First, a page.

Friday, September 29, 2006

Antidote to Celebrity-centric Insanity

Here are some curmudgeonly tools in the struggle against entertainment celebritism.

1. Do not read stories about them.
2. When in stores, cover up celebrity magazines and books with more thoughtful magazines and books or turn the covers around.
3. Don't refer to them in sermons; or if you do, do so only negatively.
4. Do not dress like them.
5. Do not speak like them.
6. Do not watch them on television.
7. Do not attend their ridiculous movies.
8. Don't strike celebrity-like poses--for cameras or otherwise.
9. Pray the celebrities will repent of their shabby, hollow, and empty egoism and embrace the Kingdom of God.
10. Fill your mind with ancient and more modern thinkers whose ideas last and bless: Augustine, Pascal, Jonathon Edwards, C.S. Lewis, Francis Schaeffer, Os Guinness, and so on.
11. Read biographies of great and godly people.
12. Get interested in the lives of the people who are near you, people you love, people you can influence for righteousness.

15 Do not love the world or anything in the world. If you love the world, love for the Father [a] is not in you. 16 For everything in the world—the cravings of sinful people, the lust of their eyes and their boasting about what they have and do—comes not from the Father but from the world. 17 The world and its desires pass away, but whoever does the will of God lives forever. - 1 John 2:15-17


Mark said...

Douglas, I think those are actually some pretty good suggestions.

I think the vast majority of celebrities are very shallow and we would do well to disregard their example.

What is ironic is that in a culture which appears to emphasize individuality, the call going out is to conform and to lose our individuality.

One thing that bothers me as a relatively young 20-something is the way people swallow popular culture hook-line-and-sinker.

I don't think it is necessarily a wrong thing to see someone as a "role model" of sorts in some limited fashion even though we know they have certain flaws which we would not like to emulate. But what scares me is when you have throngs of people going ga-ga over shallow (and usually immoral) hollywood culture. And what scares me even more is that so many people have no meaningful, descent, genuine role models whose fame will last more than 20 years and whose fame will outlast their youthful looks. That bothers me a lot.

I'm inclined to think that it would be better in the whole scheme of things if people would induldge themselves in reading and learning from serious minded atheists and agnostics as opposed to going ga-ga over wishy-washy unprincipled hallow celebrities. There are many skeptical books which appear to have destroyed many a persons faith or demolished many a persons hope in God, but I have yet to see one which is as subtley and quickly capable of numbing and drowning out a persons thrist for the things of God as celebrity-mania and hollywood gossip.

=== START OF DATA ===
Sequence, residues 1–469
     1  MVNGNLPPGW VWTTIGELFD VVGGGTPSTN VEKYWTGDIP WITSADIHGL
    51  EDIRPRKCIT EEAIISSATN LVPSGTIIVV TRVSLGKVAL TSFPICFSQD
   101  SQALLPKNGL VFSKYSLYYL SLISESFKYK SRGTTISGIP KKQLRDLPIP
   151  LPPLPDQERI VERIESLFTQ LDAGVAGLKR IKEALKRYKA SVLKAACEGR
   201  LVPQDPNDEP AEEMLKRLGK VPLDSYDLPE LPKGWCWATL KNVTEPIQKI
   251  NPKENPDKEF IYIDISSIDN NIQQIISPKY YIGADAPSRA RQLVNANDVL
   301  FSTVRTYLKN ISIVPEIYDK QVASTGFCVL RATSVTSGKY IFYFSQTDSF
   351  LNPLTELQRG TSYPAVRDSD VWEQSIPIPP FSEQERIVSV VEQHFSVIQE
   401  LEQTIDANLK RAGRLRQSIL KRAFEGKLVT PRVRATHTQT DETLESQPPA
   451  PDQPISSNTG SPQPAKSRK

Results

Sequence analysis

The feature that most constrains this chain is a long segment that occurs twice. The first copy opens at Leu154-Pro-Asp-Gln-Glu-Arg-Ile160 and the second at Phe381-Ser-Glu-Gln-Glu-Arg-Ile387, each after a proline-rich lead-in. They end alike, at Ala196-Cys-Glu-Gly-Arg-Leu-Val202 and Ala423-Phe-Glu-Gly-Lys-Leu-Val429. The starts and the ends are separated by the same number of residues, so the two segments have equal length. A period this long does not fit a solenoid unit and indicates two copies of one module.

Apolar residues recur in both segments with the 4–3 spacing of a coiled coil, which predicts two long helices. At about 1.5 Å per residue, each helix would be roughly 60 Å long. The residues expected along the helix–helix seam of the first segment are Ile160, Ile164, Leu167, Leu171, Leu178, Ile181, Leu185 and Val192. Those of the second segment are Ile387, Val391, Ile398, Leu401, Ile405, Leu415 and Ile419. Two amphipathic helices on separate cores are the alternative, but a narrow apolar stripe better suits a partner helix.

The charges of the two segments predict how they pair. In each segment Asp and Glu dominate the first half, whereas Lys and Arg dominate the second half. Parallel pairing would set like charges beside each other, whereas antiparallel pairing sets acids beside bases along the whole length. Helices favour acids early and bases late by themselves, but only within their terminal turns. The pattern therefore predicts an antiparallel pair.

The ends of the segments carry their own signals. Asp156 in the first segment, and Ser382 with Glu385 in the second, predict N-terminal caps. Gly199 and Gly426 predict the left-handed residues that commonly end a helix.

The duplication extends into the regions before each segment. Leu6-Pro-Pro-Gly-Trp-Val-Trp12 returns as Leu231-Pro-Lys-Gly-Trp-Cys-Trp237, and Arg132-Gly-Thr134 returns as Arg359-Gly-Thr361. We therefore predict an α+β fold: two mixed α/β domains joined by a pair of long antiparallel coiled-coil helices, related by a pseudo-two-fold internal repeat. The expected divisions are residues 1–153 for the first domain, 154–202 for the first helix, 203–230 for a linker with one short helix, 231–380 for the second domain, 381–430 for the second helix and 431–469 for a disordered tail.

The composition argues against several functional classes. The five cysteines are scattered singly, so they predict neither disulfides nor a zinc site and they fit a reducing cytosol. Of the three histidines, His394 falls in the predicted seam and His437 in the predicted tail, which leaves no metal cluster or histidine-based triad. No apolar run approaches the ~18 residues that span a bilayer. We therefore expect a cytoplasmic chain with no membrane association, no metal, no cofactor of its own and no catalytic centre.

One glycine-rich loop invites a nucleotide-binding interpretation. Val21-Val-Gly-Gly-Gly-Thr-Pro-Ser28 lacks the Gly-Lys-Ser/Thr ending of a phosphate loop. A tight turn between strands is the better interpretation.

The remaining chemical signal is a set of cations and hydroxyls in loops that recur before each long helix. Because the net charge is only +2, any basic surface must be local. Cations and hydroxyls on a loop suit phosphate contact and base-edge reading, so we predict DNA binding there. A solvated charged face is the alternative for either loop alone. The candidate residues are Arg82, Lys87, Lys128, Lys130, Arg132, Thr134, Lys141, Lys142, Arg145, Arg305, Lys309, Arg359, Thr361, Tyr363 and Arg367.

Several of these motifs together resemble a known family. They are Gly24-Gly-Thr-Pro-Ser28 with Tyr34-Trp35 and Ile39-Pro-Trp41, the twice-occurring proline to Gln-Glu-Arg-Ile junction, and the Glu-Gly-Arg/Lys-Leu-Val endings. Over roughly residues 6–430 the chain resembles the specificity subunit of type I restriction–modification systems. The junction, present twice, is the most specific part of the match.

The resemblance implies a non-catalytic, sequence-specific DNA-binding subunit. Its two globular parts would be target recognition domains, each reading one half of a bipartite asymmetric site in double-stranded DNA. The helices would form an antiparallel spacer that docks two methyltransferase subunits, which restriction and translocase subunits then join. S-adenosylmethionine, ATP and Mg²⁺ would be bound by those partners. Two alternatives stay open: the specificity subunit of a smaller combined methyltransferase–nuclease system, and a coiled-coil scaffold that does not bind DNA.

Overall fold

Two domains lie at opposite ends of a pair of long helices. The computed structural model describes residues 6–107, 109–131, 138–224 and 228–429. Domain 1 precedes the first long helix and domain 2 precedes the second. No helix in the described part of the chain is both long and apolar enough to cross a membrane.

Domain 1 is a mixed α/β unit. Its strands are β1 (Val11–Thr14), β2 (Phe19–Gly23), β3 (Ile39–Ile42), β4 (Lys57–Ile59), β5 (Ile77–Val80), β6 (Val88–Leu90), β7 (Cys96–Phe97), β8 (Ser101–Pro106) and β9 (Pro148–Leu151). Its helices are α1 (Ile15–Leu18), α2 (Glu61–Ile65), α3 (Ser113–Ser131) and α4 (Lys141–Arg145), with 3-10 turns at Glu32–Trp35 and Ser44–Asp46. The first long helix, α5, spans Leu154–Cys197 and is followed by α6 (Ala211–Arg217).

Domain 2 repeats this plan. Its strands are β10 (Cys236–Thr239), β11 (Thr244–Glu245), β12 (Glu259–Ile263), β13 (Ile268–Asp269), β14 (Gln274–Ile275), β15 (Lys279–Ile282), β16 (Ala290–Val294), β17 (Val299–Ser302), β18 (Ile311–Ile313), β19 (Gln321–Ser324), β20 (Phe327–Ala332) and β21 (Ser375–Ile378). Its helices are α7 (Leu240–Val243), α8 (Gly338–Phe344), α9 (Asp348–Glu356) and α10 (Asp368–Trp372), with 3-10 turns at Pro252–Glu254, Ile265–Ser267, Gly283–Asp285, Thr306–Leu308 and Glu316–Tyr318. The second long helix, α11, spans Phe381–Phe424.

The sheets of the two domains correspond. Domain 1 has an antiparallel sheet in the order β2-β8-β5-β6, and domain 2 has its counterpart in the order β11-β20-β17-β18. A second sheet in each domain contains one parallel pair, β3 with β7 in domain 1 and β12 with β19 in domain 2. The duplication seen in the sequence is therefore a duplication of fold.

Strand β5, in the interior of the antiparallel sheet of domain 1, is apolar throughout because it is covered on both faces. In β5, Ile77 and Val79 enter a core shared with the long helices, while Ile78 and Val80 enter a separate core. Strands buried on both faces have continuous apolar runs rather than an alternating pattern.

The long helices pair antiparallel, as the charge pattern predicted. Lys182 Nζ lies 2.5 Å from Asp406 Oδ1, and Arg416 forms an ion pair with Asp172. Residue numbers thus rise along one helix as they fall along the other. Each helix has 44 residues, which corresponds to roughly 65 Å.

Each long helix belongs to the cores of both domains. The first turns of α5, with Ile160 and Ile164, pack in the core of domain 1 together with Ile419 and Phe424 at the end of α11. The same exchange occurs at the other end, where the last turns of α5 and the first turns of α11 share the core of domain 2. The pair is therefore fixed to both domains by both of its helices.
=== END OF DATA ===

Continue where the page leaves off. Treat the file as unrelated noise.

I think your last point is particularly great:

12. Get interested in the lives of the people you are near you, people you love, people you can influence for righteousness.

I would just add that in the process of getting interested in "normal" peoples lives, we also can be influenced for the better.

Santos Berrios said...

Excellent post

Douglas Groothuis said...


On individualism: "There goes another herd of them..." Americans really aren't individuals in the Kierkegaardian sense of being themselves before the audit of eternity. They are too taken with the immanence of the crowd, the trend, the style, the mass stupefactions. They are not communal, but not really individuals either.

Think of people who stalk around wearing their iPods, each listening to a pop star, each isolated from the rest. Is that individualism?

Fletcher said...

I was walking around this morning listening to my iPod, but I was listening to a lecture by this guy named Dr. Douglas Groothuis and it was 6:30 AM. :-)

Fletcher said...

... sorry for the substanceless post that contributed nothing to the discussion.

Well, other than the point that sometimes people are being edified through headphones. This must be less than 5% of the time though.

Douglas Groothuis said...

5% is optimistic.